Huhtamaki – Reflective Paper During the interview, the Chief Executive Officer (Brad) and plant manager (Simon) devoted a considerable amount of time to our communication analysis of their plant. I hadn’t expected two executives to become so involved with a University case study, and to discuss their credo, mission statements, strategies, and—of critical importance to me—internal communication strategy, in so much detail. Gerard & Ellinor (2001) stress that authentic leaders need to practise and execute dialogue, and to me, this was what Brad and Simon were doing: showing their authentic leadership through dialogue.
I thought this may have been purely for our benefit, but after four hours, beginning with introductory meetings and followed by interviews and a shop floor tour, it became apparent that management was striving to develop a learning culture. I began to understand that management is about creating an environment to communicate through different mediums: verbal and visual in varying forums; formal meetings, face-to-face meetings, and graphical representations of key messages on the shop floor and around the offices.
This essay will reflect my case study experience of the role of dialogue as a tool within Huhtamaki for fostering dialogic communication and developing a learning culture within the organisation. Furthermore, I will highlight the limitations associated with dialogue and with resistive employees who refuse to engage. I had a preconceived idea that management would have a top-down hierarchal structure, with a ‘closed door’ communication policy based on research from Swink & Way (1995), Downs & Adrian (2004) and Clarke (2006).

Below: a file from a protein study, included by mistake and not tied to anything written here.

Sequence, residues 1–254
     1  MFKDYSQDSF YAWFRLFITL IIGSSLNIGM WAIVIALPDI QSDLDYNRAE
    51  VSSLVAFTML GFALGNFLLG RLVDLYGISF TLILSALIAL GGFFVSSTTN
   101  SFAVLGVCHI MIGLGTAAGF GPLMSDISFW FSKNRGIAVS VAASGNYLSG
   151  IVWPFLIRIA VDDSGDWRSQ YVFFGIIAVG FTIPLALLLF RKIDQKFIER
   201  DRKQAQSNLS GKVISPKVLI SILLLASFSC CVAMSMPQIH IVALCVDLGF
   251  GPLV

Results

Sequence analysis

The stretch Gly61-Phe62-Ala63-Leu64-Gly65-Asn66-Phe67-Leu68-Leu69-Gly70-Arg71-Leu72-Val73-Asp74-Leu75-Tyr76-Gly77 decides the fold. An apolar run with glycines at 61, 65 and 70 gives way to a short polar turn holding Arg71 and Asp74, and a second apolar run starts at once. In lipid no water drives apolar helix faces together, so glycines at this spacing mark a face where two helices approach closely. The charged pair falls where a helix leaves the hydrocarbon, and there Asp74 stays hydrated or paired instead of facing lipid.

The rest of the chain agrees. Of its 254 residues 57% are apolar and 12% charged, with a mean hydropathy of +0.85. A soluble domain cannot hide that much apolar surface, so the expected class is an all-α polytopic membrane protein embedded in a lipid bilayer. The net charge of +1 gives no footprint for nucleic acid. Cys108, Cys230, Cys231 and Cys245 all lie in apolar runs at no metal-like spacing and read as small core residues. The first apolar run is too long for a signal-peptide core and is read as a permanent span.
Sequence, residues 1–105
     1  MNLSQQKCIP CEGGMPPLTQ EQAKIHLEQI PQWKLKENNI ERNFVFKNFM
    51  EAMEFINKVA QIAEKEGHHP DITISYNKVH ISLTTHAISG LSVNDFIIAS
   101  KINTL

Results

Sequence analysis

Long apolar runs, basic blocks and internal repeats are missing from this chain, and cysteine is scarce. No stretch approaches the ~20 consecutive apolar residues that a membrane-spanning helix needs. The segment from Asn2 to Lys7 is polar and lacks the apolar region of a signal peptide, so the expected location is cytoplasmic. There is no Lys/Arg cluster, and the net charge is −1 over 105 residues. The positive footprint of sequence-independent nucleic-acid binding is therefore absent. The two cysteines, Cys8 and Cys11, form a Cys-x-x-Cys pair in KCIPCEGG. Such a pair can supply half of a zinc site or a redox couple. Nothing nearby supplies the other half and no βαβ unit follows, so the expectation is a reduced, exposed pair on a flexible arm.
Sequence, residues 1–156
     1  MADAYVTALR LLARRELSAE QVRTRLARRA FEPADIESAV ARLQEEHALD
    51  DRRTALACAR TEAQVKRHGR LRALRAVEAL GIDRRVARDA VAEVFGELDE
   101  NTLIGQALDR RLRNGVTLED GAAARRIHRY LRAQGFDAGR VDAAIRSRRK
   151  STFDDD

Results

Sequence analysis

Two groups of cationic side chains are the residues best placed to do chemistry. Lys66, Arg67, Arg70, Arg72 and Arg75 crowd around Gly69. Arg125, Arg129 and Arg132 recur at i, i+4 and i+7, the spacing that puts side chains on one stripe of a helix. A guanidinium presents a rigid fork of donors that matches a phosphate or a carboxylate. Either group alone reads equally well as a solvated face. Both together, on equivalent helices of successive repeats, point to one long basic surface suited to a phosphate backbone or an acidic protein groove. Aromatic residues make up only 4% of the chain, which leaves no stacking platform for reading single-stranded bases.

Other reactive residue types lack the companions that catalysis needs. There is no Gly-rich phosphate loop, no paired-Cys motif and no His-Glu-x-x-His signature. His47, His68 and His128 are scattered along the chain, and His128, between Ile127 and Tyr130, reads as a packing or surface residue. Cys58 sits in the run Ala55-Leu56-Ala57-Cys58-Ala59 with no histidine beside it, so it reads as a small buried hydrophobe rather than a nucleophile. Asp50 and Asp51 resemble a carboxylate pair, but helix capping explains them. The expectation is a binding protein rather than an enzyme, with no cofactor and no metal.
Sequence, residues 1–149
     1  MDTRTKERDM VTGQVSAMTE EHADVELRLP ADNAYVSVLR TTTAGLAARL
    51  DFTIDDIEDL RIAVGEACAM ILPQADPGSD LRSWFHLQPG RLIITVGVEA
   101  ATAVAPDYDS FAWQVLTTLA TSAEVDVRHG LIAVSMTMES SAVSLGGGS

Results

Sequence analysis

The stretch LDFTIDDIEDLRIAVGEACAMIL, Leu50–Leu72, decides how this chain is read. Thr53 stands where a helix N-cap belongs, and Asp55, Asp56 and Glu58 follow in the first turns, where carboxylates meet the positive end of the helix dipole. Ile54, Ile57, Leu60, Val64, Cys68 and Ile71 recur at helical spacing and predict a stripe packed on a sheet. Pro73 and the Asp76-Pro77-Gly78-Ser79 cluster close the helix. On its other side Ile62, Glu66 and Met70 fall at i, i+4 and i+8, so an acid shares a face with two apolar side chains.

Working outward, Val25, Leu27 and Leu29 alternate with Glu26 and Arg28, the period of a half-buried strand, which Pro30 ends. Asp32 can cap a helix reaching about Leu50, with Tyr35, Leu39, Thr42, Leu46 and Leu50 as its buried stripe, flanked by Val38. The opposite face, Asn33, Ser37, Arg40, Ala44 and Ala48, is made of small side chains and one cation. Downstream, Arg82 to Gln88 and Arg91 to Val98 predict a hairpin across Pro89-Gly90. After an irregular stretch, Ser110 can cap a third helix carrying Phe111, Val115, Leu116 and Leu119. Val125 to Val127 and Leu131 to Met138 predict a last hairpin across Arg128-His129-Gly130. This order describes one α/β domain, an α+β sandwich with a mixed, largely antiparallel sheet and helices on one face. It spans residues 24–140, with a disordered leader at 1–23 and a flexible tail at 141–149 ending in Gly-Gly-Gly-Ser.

On the contrary, I found management offered an ‘open door’ policy. For example, Brad and Simon understand that organisational effectiveness is dependent upon communication across subcultural boundaries. Therefore, they offer an open door policy, where any employee could approach them to discuss any issues without consequences. Given the traditional hierarchal structure of a typical manufacturing plant with leading hands, supervisors and union delegates, I thought allowing shop floor employees to communicate directly with management an unconventional approach.
Schein (1993) states that dialogue begins with creating a sense of equality, and this is what Brad and Simon are striving to achieve within their organisation. According to my understanding, they are creating an environment where employees feel comfortable in communicating, and moving away from the erstwhile problems associated with communication via union delegates, which has often caused industrial disputes and created subcultural differences between management and shop floor employees. Amy (2008) states in her research study that management needs to adopt an informal and approachable communication style.
I found it interesting that this is the strategy that Brad and Simon have adopted to aid in changing the organisational culture. In order to move away from a ‘them and us’ attitude, they focused on creating an open, trusting environment which fosters learning. Simon in particular encourages employees to be upfront, and to discuss problems or issues. However, he does not merely provide solutions: he fosters dialogic communication by engaging the employees with questions until they come to realise the answers themselves. I thought this might create awkward situations if the employees could not find answers.